The next thing was to call up an Uber to take us back to Remuera – why was this stupid App telling me there were no cars available – what? After trying this for 10 minutes or so we decided to walk to the bus station and use the Gold Cards and Hop Cards to get to the city. All fine until we get to the bus and the boss finds that his Hop Card is in Pauanui which is totally unhelpful because we don’t have any cash in the wallets and the bus driver can’t take a card – well he could take the Hop Card if the blimmin thing wasn’t sitting in Pauanui! We are meeting Dene at the hospital for a quick coffee before we go so I give him a call to tell him of our predicament – “Oh dear” says he “well let me know if you are stuck”. “We are stuck!” I tell him to no avail because the problems at ADHB are more concerning than his folks being in a pickle in Takapuna! The boss then decides to call a Co-Op cab at my suggestion so he calls up the cab company and orders the cab. After 15 minutes the cab is nowhere to be seen when my brain suddenly has a reboot and I am wondering if by turning the phone off and back on might work – it does and within 3 minutes the Uber is here and the cab man is probably still circling Takapuna trying to find us because we couldn’t cancel. Then, we were heading over the bridge to Auckland Hospital when we check the emails on this phone which has come back to life and there is an email from Viking River Cruises saying “due to low water levels on the Elbe River it is unlikely your boat will sail, however ………”. “Well, I say to the boss – we will just go with the flow” whereupon he tells me that clearly there is no flow to go with!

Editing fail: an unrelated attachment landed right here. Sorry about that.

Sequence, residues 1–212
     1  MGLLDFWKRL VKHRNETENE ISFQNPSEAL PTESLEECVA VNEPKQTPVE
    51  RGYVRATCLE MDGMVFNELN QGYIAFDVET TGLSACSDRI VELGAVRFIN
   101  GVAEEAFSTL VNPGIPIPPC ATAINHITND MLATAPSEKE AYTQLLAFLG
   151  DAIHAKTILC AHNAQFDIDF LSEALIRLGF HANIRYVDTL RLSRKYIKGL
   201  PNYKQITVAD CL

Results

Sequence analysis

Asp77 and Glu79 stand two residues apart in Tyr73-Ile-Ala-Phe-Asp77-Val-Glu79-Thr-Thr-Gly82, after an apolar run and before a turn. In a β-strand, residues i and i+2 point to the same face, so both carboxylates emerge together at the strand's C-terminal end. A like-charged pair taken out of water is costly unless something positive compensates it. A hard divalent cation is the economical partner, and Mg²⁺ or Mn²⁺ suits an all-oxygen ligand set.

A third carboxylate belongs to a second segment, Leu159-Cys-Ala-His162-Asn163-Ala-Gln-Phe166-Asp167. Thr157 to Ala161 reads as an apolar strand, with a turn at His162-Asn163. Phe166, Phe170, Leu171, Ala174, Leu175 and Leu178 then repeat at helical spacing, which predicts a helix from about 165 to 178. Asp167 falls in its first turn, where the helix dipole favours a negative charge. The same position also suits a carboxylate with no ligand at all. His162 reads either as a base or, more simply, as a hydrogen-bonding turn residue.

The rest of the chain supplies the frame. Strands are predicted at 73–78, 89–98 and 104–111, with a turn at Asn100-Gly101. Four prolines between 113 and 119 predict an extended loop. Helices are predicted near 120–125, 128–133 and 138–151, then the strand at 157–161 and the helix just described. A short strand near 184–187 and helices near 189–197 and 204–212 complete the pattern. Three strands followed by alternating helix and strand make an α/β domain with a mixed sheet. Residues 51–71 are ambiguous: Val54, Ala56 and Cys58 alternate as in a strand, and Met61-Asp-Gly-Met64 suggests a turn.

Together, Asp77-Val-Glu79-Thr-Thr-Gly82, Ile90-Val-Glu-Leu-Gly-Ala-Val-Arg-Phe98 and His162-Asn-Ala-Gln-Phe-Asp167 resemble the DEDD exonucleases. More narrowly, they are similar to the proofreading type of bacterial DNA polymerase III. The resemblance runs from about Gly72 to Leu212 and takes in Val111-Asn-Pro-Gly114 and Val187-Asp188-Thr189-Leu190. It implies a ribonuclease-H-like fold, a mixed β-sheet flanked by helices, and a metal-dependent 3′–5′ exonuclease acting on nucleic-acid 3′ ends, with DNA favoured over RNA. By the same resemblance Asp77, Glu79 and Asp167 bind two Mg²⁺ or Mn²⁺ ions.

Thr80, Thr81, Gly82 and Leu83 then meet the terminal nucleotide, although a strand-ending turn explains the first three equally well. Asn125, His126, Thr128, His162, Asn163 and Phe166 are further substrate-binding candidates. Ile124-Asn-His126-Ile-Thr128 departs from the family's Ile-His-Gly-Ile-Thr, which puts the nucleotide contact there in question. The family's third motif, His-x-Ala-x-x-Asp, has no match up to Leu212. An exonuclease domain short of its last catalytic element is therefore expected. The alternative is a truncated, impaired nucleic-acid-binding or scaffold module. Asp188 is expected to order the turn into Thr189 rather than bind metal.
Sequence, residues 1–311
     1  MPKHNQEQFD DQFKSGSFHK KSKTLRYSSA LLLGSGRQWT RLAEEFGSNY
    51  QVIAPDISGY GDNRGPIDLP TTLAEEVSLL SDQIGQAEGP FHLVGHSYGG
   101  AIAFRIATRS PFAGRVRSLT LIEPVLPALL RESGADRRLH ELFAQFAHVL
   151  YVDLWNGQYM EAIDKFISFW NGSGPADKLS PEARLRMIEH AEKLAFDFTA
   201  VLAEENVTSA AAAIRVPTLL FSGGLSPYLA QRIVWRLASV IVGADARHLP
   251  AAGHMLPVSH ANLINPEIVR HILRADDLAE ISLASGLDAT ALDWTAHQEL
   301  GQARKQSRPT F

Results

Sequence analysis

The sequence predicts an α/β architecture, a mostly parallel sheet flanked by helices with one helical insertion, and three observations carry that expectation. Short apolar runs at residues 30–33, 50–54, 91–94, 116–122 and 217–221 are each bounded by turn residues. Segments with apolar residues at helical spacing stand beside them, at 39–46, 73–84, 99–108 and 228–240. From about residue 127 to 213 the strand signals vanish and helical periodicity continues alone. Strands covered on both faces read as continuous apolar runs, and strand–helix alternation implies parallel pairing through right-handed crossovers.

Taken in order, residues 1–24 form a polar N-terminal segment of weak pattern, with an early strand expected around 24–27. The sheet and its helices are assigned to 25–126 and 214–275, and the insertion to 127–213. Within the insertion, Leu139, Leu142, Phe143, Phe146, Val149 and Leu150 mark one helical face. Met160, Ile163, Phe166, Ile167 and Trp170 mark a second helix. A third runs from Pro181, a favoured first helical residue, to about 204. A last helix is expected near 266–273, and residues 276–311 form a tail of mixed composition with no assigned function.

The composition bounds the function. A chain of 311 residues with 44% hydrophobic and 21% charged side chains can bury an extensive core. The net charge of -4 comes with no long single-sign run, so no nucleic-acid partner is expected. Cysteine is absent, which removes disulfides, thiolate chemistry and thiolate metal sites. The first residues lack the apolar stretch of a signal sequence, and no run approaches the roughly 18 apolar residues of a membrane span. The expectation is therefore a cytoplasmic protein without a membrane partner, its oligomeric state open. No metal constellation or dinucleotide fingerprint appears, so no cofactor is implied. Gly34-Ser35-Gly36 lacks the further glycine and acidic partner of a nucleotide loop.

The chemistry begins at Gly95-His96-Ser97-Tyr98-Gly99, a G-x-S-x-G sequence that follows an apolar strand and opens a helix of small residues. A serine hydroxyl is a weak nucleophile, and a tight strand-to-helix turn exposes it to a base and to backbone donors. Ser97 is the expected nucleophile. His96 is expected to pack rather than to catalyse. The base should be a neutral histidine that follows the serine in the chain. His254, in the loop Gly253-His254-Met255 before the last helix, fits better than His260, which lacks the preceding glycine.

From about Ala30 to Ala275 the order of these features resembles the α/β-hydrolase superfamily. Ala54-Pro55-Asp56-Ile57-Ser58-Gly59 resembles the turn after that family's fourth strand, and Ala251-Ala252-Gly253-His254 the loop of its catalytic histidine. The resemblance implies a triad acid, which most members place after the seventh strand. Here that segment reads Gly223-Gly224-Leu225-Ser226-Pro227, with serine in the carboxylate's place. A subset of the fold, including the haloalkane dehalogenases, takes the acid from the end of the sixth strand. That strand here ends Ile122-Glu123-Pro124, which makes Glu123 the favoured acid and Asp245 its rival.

Well I can tell you that by the time we were collected for the airport we couldn’t have cared less about any flow because at least we were on our way and I can also report that when we got aboard that Emirates flight and were offered the glass of champagne I felt like putting a straw in the bottle to recover from the afternoon’s events!

So now we look forward to the riverboat not sailing but according to the Viking man here in the ‘Otel all will be well and we will have a vunderful time – guaranteed!

Liftoff to Prague